Experience ranch life and culture during Ranch Fest from 10 a.m. to 4 p.m. Saturday, February 10, at the Museum of South Texas History.
Ranch life and culture demonstrations such as rope making, roping cattle and horseshoe making will showcase how these important tools were used on the cattle trail. Other demonstrations focused on ranch living are knitting, wood carving and leather work. New this year is boot making, featuring the Mandujano Brothers from Weslaco, which is a long-standing tradition for vaqueros, ranch hands and owners. The brothers will also create a makeshift workspace using the business’ 40-year-old working bench. Cappadona Ranch will share the process of making mesquite beans into coffee and flour—both products can be purchased at the Museum Store.
Regional organizations such as the Community Historical and Archaeology Project for Schools, or CHAPS, from the University of Texas Rio Grande Valley and the East Foundation will educate the community with two new activities. CHAPS will identify distinct types of South Texas arrowpoints using a digging pit, and The East Foundation will explain the process of preparing cattle cuts. From 10:30 a.m. to 12:30 p.m., local snake handler Fred Zaidan will present South Texas snakes along with other pet-friendly natives.
For more hands-on activities, visitors can grab yarn, a plastic needlepoint and embroider a flower, making a neat home décor item. Another activity will feature painting Styrofoam cacti, representing the South Texas prickly pear. For those who are not inclined to arts and crafts can enjoy activities and a game in the Cattle Kingdom galleries upstairs. Visitors can create their own cattle brand using a Cattle Brand registration form. Then, visitors will don a personalized sheriff’s badge to “catch” the cattle thief—a game filled with clues and riddles.
To enhance the living history demonstration, Los Liberadores and friends will bring a 19th century wagon and tipi. Buffalo Bill will walk around the museum grounds for photo opportunities.
Children-friendly activities include a book presentation featuring local author Patty York Raymond who will read “ABCs to Ranching” in the Mezzanine area. PaperPie, a local book seller, will have a variety of ranch-related books for purchase.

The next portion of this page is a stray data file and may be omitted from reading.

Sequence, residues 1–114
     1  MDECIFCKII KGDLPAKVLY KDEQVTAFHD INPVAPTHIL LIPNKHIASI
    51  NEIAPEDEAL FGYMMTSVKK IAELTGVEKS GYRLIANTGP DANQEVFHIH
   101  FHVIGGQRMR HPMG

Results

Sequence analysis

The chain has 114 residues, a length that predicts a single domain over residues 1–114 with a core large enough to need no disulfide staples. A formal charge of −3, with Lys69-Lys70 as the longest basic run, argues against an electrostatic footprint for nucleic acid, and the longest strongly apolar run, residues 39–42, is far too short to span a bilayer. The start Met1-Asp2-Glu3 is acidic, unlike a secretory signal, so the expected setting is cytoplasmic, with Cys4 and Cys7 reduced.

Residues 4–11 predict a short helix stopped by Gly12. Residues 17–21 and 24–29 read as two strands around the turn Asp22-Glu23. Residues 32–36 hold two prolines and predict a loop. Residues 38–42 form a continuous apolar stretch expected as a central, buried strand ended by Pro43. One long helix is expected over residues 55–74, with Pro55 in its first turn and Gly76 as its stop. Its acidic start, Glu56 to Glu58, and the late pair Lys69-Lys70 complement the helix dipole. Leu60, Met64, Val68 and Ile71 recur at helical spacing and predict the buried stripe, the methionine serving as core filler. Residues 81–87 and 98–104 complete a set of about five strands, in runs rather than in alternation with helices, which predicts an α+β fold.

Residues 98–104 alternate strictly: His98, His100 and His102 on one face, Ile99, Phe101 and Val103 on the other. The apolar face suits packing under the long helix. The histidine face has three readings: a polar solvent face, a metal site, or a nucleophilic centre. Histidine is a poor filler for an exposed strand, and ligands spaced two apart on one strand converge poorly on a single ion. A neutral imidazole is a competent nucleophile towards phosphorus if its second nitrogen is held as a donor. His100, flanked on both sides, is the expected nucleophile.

Other ranch-inspired items can be found at the Museum Store such as heritage cookbooks, western-theme coasters, and ranch history books. Several western-theme paintings produced by local artist Isaac Guerra will be on display and available for purchase.
Visitors who plan to stay during lunch time can grab a bite to eat from a variety of food vendors selling a variety of ranch-style cuisine. E&B Elotes will roast elote, or corn on a cob, and serve aguas frescas. Big Cal’s BBQ will prepare a variety of barbecue favorites such as brisket. Peques Burgers will serve tacos, chili dogs, and charro beans. Local food vendors will also serve pulled pork sandwiches and pan de campo. Those who need a caffeine boost can enjoy coffee prepared by Kairos and pair with a piece of pan dulce by La Mexicana Bakery.
Dine-in seating will face the Ranch Fest stage on the museum parking lot, so visitors can enjoy live performances by local school groups. Performances to feature Edinburg North High School Reverie band followed by Mission High School Folklorico, PSJA Southwest High School Conjunto and La Joya Juarez-Lincoln Mariachi Sol de Oro.
Bring family and friends to enjoy a day at the Museum of South Texas History, Saturday, February 10. Visit www.mosthistory.org/events for the latest updates on Ranch Fest.
FRIENDs of MOSTHistory enjoy free admission to Ranch Fest. Call the museum at (956) 383-6911 to learn more about FRIENDship benefits such as discounts at the Museum Store and invitations to exclusive museum programs.
About Museum of South Texas History
The Museum of South Texas History is accredited by the American Alliance of Museums. It is in downtown Edinburg at 200 North Closner Boulevard on the Hidalgo County Courthouse square. Founded in 1967 as the Hidalgo County Historical Museum in the 1910 Hidalgo County Jail, the museum has grown over the decades through a series of expansions to occupy a full city block. In 2003, following the completion of a 22,500 square foot expansion, the museum was renamed the Museum of South Texas History to better reflect its regional scope.
Today, the museum preserves and presents the borderland heritage of South Texas and northeastern Mexico through its permanent collection and the Margaret H. McAllen Memorial Archives and exhibits spanning prehistory through the 20th century. For more information about MOSTHistory, including becoming a FRIEND, visit MOSTHistory.org, like on Facebook and Instagram, follow on Twitter, find on YouTube.